media captionIslamic State children in Syria face a lifetime in prison

A woman suspected of being an Islamic State (IS) member can be repatriated from Turkey, New Zealand says.

Prime Minister Jacinda Ardern said the decision to allow the 26-year-old and her two young children to return was not "taken lightly".

The woman, who grew up in Australia, held both Australian and New Zealand citizenship until Australia revoked it.

That angered Ms Ardern, who accused Canberra of "abdicating its responsibilities".

On Monday, Ms Ardern said New Zealand had "taken into account our international responsibilities as well as the details of this particular case, including the fact that children are involved".

"I can assure people great care is being taken as to how the woman and her young children are returned to New Zealand and how they will be managed in a way that minimises any risk for New Zealanders," she added.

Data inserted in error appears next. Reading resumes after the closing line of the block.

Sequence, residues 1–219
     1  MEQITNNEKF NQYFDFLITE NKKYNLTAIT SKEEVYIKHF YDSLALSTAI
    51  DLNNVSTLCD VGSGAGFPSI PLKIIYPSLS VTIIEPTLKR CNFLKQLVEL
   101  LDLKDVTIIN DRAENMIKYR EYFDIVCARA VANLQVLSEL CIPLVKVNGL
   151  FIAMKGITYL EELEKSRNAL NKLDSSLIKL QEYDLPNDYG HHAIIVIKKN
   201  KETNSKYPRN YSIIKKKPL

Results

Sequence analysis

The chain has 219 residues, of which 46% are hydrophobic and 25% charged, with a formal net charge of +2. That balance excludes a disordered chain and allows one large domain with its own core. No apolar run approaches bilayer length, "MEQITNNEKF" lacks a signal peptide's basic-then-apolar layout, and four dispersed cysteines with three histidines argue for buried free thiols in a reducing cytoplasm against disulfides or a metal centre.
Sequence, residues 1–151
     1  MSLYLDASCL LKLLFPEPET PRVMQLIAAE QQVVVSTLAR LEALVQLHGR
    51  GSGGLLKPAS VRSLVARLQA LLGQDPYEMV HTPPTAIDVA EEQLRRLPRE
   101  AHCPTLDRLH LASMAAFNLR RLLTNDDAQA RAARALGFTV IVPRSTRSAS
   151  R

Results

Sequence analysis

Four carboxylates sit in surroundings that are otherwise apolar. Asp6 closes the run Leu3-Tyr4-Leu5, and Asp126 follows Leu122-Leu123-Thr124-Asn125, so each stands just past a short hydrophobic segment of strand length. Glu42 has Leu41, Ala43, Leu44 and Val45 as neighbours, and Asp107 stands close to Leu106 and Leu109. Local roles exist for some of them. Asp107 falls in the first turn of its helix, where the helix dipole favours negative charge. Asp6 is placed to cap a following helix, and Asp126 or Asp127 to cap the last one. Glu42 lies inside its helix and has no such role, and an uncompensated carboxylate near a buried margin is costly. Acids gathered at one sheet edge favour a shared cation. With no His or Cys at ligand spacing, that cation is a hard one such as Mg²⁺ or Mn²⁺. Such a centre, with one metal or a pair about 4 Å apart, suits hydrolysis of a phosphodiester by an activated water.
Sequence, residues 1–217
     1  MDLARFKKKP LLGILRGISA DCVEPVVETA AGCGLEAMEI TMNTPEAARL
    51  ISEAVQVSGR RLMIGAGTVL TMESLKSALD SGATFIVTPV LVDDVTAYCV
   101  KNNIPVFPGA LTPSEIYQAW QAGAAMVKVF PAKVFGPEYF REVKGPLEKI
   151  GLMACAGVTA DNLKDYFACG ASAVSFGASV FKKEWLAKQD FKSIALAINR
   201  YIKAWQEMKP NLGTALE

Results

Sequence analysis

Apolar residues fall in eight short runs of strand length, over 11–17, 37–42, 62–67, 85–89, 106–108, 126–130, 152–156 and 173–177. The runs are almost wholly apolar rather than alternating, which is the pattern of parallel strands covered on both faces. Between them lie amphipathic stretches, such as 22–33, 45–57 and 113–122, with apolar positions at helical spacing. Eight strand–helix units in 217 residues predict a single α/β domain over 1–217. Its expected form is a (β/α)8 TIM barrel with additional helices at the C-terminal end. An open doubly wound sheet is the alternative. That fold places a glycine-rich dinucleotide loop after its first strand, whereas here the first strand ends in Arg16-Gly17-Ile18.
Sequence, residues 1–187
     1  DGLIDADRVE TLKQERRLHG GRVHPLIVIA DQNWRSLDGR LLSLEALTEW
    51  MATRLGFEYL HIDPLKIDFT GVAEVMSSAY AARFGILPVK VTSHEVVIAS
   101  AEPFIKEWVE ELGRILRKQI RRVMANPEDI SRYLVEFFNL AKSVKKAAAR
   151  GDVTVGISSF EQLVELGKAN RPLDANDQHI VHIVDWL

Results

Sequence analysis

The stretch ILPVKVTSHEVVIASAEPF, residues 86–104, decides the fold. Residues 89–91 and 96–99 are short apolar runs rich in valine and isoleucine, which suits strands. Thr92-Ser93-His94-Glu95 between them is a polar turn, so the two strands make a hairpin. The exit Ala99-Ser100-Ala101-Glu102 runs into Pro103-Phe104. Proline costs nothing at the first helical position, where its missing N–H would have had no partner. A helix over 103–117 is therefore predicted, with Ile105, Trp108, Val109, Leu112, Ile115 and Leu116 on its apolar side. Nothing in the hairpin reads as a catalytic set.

The woman was facing deportation to New Zealand after being caught entering Turkey from Syria with two children.

She lived in New Zealand until she was six, when she moved to Australia, before leaving for Syria in 2014 on an Australian passport.

Australia stripped the woman of citizenship last year, with its Prime Minister Scott Morrison calling her "an enemy of our country".

Earlier this year, Ms Ardern hit out at the decision, saying the woman should return to Australia.

But on Monday she said New Zealand had no choice but to take in the woman, as it was the only place she could legally reside.

"They are not Turkey's responsibility, and with Australia refusing to accept the family, that makes them ours," Ms Ardern said.

It is up to the police to choose if the woman should face a criminal investigation upon her return, she added.

This is not the first time governments have grappled with whether they should repatriate terror suspects.

The case of Shamima Begum, the British schoolgirl who joined IS in 2015 and was later stripped of her UK citizenship on security grounds, is one prominent example.